June 2023 Millar’s JurisDiction - Snow Job

by Richard W. Millar, Jr.

Pretend for a moment you are a judge in, say, Philadelphia, which can get cold and often snows, particularly in January.

Pretend further that you would like to take a day off to go someplace warm. Like Florida.

And while we are pretending, let’s pretend that you have a full calendar of some ninety-five traffic matters on the day you wish to head to warmer climes.

And, you have asked your presiding judge to take the day off but the request was denied.

What do you do?

Well, this is not an ethics examination and you do not get MCLE credits for reading this any more than I get credits for writing it, but allow me to suggest what maybe you should not do: take the day off and go to Florida anyway and clear your calendar by deciding the cases in advance.

What could possibly go wrong?

The answer to that question could be summed up in six words: The Pennsylvania Court of Judicial Discipline. Five for purists who don’t count “the.”

At the tail end of last year, that court commenced proceedings against Judge Marissa J. Brumbach to, essentially, impose discipline for alleged violations of the Code of Judicial Conduct and the Constitution of the Commonwealth of Pennsylvania.

The complaint alleged that Judge Brumbach sent an email to the “president judge” of the Philadelphia Municipal Court stating that she would be “attending an event in Florida on January 7, 2022, and unable to preside that day.” The president judge declined to approve her proposed absence.

January 7th had the promise of being a busy day with ninety-five traffic citation hearings scheduled. They were set in three groups to be heard at 9:00 a.m., 1:00 p.m., and 2:30 p.m., which did not auger well for an out-of-state travel plan.

To workaround what would seem to be a trip killer, a couple of days before the 7th, Judge Brumbach, according to the charges leveled against her, asked her clerk to have the files for the January 7th hearings delivered to the Assistant District Attorney assigned to her courtroom. The clerk did so, telling the ADA that the judge wanted him to look at the cases “to determine if he was recommending that any of the traffic citations were to be withdrawn.”

The ADA allegedly did so and came up with seventeen that would be withdrawn, leaving, by my count, seventy-eight that were still up for grabs.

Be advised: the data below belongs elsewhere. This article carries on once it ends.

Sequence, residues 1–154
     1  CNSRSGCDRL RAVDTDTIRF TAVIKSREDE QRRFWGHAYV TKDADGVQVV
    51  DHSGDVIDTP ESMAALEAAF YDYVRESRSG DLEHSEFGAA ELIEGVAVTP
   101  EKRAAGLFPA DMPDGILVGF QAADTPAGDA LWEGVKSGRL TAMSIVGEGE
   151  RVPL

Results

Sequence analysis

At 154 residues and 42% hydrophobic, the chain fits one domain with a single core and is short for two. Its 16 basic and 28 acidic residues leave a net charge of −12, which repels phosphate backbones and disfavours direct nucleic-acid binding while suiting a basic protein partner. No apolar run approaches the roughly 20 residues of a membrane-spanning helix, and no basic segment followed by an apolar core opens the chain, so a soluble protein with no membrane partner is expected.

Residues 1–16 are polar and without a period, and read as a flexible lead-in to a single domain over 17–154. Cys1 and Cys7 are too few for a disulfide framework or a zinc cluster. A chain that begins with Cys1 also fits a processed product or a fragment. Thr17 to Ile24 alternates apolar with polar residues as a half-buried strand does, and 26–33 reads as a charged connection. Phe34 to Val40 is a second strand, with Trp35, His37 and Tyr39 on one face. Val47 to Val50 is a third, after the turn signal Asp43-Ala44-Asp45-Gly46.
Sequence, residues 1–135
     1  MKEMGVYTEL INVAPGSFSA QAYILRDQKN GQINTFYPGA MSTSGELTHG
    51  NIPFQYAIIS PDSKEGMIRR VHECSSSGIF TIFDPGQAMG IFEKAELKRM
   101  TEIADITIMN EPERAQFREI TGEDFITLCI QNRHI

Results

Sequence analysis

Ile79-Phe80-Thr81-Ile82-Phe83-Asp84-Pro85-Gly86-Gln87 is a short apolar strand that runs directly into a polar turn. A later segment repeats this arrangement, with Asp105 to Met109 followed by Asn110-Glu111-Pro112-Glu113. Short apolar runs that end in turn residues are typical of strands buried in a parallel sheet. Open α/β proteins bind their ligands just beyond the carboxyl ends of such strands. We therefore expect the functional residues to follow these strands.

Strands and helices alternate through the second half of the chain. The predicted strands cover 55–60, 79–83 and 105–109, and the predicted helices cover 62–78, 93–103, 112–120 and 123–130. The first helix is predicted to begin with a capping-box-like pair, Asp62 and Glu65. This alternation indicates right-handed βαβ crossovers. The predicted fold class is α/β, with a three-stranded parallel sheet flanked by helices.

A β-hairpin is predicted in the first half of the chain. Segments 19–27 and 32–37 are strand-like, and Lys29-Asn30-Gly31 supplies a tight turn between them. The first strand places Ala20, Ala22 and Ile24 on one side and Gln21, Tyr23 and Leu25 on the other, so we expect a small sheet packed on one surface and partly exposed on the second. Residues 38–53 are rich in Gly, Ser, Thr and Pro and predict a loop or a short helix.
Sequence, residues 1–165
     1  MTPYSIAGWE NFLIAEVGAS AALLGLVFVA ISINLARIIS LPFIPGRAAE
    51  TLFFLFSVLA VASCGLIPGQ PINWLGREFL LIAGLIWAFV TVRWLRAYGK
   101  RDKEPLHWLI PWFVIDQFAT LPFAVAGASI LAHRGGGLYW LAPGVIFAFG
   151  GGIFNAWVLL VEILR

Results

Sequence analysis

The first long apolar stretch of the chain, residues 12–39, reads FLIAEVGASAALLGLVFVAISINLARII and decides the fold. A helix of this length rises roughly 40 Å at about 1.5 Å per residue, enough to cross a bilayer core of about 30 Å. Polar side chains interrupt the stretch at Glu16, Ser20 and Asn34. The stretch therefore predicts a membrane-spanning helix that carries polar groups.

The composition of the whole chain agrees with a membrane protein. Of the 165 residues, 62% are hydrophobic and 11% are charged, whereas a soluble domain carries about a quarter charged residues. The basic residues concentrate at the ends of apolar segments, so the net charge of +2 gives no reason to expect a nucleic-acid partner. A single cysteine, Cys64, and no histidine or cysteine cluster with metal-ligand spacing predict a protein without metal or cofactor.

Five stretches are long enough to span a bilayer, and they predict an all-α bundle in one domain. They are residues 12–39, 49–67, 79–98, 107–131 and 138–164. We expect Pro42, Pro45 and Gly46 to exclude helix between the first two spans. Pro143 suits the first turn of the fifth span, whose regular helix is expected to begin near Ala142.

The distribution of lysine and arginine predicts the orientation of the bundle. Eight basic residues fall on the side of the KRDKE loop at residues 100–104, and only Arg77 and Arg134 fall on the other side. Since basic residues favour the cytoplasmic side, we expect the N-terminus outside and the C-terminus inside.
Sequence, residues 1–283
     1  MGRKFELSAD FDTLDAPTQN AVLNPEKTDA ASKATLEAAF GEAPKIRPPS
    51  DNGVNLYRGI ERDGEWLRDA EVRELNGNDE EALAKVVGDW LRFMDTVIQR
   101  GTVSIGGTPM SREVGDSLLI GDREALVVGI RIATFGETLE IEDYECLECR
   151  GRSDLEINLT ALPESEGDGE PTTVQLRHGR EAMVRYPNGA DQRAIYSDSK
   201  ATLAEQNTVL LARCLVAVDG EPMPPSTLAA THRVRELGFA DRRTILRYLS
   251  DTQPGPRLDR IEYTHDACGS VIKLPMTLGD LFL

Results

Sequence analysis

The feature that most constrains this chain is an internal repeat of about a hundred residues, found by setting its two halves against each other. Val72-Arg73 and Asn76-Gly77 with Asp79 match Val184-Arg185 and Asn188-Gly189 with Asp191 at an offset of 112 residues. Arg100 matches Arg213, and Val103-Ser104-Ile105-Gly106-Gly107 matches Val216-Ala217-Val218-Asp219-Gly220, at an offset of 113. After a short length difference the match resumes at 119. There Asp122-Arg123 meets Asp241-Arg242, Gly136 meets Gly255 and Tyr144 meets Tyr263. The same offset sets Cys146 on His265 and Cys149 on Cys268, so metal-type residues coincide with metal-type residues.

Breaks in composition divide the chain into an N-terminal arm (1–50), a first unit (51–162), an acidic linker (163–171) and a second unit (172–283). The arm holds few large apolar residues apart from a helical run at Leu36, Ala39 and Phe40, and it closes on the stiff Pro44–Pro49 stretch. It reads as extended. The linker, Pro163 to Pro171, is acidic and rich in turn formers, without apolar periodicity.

Judge Brumbach then allegedly reviewed those files and marked twenty-eight as “Guilty in Absentia,” thirty as “Not Guilty in Absentia,” and seventeen “Withdrawn.” The other twenty “were adjudicated but then scribbled over in a manner indicating the adjudication had been vacated.” I am not sure whether the phrase “in absentia” was meant to refer to the defendant or the judge, but I digress.

All ninety-five of the citations were marked in a way which “was identical to the way . . . [they] would be marked . . . following a properly conducted hearing on the day the hearing is scheduled.”

According to the complaint, the judge intended to call her clerk from Florida on January 7th after each of the three sessions and instruct the clerk to record the adjudications she had previously made or to reschedule any where the defendant (unlike the judge) had actually appeared and sought a continuance.

She then went to Florida on January 7, but, in one of life’s wonderful ironies, the Municipal Court was closed that day because of “a snow emergency.”

When Judge Brumbach returned, she allegedly “attempted to obtain the ninety-five citation files, telling a court employee that the files were ‘incomplete,’” and was denied access.

Her case is still pending, but if there is a moral to this story, it is to never try to pull a snow job on a snow day.

Richard W. Millar, Jr. is Of Counsel with the firm of FSG Lawyers PC in Irvine. He can be reached at rmillar@fsglawyers.com.